A tropical twist on the classic Pina Colada, the Painkiller is as deceptive as it is delicious since it probably makes headaches worse rather than curing them.
It’s not the most common drink, which can make it hard to find in bars and clubs, and not every bartender is going to know how to make them.
So, to avoid any confusion, we’ve prepared a lovely little guide on how to master the Painkiller cocktail. Let’s jump right in!
What’s in a Painkiller Drink? The Standard Painkiller Ingredients
Let’s start with the base.
The Painkiller is a rum-based cocktail traditionally using navy or dark rum. You could use any dark rum, but to keep it authentic you want to use Pusser’s Navy Rum.
Pusser’s is a faithful recreation of the rum ration to sailors in the British Navy; a blend of multiple rums from across the Caribbean that come together in Tortula, one of the British Virgin Islands.
Combine that Navy Rum with pineapple juice, orange juice, and coconut cream, and you’re in for a hair-of-the-dog drink with a sweet kick and strong punch in equal measures which I can assure you is much nicer than swallowing paracetamol.
The other thing you’re going to need for a true Painkiller is crushed ice.
If you’re a fan of rum-based cocktails from the Caribbean (like the Cuban Mojito) then this will all be familiar to you. If not, then let’s quickly go over the process of making crushed ice.
If you don’t have an ice crusher, then putting ice and a small amount of water into a blender, and blending until you have the right consistency will do the trick. It’s actually deceivingly simple.
If you don’t even have a blender then don’t worry. Lay a clean tea towel on a flat surface like a worktop or table, place your ice cubes in the center, fold all 4 corners and tie with a rubber band.
The next step is the fun part. Smash it up with a rolling pin until the ice feels small enough and then place it in a jar or glass and back in the freezer for when you need it.
Remember crushed ice can melt fast so if you don’t need it immediately, it’s best to refreeze it.
How to Make a Painkiller Drink in 3 Steps
The Painkiller is a beautifully simple drink to make. There are only three easy steps before that hangover is cured with Navy Rum!
1. Add To Shaker
Add 2 ounces of Pusser’s Rum, 4 ounces of Pineapple Juice, 1 ounce of freshly squeezed Orange Juice, and 1 ounce of Coconut Cream to a shaker. Fill with ice.
2. Shake and Strain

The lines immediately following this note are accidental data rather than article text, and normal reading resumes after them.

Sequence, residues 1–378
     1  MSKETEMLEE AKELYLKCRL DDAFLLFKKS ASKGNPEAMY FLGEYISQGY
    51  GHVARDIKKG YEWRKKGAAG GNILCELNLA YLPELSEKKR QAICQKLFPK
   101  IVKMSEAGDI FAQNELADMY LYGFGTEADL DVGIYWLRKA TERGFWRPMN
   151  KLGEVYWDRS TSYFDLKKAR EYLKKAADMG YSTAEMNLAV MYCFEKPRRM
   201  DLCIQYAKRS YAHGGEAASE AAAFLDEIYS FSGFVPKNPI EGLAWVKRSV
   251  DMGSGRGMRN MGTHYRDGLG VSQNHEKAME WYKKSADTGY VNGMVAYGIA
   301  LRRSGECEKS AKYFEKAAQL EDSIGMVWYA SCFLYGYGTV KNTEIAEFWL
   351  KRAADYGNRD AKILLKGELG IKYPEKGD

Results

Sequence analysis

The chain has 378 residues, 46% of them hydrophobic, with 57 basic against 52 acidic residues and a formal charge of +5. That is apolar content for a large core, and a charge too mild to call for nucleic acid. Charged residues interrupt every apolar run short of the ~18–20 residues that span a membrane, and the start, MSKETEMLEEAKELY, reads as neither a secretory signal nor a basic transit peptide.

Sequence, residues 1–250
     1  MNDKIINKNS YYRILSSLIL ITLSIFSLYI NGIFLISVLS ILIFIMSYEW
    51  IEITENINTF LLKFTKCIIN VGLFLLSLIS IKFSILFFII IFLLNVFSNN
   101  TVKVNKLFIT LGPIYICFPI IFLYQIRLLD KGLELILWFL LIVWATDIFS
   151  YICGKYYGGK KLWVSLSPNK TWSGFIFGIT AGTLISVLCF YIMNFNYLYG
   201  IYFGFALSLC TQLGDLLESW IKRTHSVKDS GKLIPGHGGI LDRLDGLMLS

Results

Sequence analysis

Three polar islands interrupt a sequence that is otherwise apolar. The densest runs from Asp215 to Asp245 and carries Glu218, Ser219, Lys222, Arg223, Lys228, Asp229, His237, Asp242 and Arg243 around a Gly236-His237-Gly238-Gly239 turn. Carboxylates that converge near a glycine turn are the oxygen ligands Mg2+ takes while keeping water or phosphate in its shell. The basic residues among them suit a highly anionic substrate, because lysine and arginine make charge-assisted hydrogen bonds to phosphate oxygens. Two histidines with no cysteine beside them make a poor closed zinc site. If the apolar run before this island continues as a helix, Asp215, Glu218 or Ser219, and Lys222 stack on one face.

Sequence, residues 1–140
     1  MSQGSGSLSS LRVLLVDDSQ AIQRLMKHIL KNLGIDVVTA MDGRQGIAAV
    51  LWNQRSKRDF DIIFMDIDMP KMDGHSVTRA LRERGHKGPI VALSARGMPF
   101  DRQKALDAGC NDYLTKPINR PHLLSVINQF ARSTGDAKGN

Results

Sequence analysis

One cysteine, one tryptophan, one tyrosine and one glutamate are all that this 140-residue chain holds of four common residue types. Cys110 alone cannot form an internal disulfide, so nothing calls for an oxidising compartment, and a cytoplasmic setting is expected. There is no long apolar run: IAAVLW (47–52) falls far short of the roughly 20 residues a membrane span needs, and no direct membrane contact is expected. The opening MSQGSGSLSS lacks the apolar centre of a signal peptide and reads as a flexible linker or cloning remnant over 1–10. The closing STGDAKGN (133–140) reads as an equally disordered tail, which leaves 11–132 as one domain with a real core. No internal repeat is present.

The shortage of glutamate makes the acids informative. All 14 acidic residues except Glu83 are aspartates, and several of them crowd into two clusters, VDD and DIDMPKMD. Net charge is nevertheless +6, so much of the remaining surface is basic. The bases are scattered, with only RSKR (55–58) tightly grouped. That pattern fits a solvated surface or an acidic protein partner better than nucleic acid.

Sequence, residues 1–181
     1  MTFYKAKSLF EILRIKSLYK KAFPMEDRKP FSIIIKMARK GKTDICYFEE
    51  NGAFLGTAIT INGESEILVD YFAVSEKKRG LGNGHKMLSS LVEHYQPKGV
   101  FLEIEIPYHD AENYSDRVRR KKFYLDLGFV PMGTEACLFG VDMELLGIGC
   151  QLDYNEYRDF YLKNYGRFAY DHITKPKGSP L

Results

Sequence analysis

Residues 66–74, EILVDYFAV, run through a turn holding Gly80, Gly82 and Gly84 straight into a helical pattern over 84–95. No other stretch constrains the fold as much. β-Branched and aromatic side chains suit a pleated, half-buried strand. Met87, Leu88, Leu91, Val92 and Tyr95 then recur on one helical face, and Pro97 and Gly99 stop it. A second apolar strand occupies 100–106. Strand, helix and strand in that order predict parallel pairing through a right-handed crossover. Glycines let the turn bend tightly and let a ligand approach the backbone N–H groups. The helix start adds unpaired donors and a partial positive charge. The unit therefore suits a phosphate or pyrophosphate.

Shake vigorously for a shorter amount of time than you would normally to ensure the ice does not melt and dilute the drink anymore. The Coconut Cream will also be at the perfect level of foaminess. Strain into a hurricane glass filled with crushed ice.
A pineapple wedge will make the perfect garnish for a Painkiller, giving some extra flavor and a fitting tropical aesthetic. The Painkiller is also best enjoyed when drunk through a straw.
Popular Painkiller Variations
The Painkiller is a great cocktail to riff on, owing to its simple mix of rum and sweet fruit juice. Let’s go through a few of the best so you can impress any guests you may have with a drink they’ve never even heard of, let alone tried!
1. Pina Colada
Okay, I’ll admit, your guests probably have heard of this one. You’ll want to go with a similar recipe.
2 ounces white rum (either plain white rum such as Bacardi or coconut rum like Malibu will work), 4 ounces pineapple juice, and 2 ounces coconut cream. Shake, strain over crushed ice, and garnish as you normally would.
So there you have it: 2 cocktails in 1 blog. I’ve taught you how to make a Painkiller and a Pina Colada, and all without making a joke about getting caught in the rain….
2. Sparkling Painkiller (or Paincava)
We’re going to shake up all our ingredients as normal but only use half as much Pineapple Juice in this one. After straining out the mixture, top up with prosecco or cava.
The sparkling white wine is going to give an entirely new texture and flavor, while still keeping the tropical feel of the drink.
Now you can enjoy a combination of the bubbly refreshment of sparkling wine and the tropical fruits of the Painkiller. A true best of both worlds.
3. Old Fashioned Painkiller
It might seem like an odd mix, but don’t knock it till you try it.
Replacing the Navy Rum with Bourbon is going to open up a whole new world of possibilities and flavors that let you take your Painkiller in whatever direction suits your fancy.
The variety in flavors and notes available on the Bourbon market means you can try a strong Painkiller, a sweeter Painkiller, or even a spicy Painkiller.
It’s very different from the original, but no less worthy of a try!
I started bartending in 2017, just 4 days after my 18th birthday, at a cocktail bar in my hometown. I immediately fell in love with the art and science of mixology and have since worked in bars across Yarm, York and Liverpool in England.